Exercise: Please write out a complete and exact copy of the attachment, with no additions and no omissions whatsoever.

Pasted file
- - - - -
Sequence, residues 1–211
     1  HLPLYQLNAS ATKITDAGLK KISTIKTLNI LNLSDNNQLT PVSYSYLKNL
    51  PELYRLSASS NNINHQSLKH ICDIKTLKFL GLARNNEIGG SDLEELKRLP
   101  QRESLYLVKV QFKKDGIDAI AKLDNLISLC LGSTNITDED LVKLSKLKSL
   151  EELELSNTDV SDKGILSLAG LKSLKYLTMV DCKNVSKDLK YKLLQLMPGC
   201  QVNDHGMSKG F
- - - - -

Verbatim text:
Sequence, residues 1–211
     1  HLPLYQLNAS ATKITDAGLK KISTIKTLNI LNLSDNNQLT PVSYSYLKNL
    51  PELYRLSASS NNINHQSLKH ICDIKTLKFL GLARNNEIGG SDLEELKRLP
   101  QRESLYLVKV QFKKDGIDAI AKLDNLISLC LGSTNITDED LVKLSKLKSL
   151  EELELSNTDV SDKGILSLAG LKSLKYLTMV DCKNVSKDLK YKLLQLMPGC
   201  QVNDHGMSKG F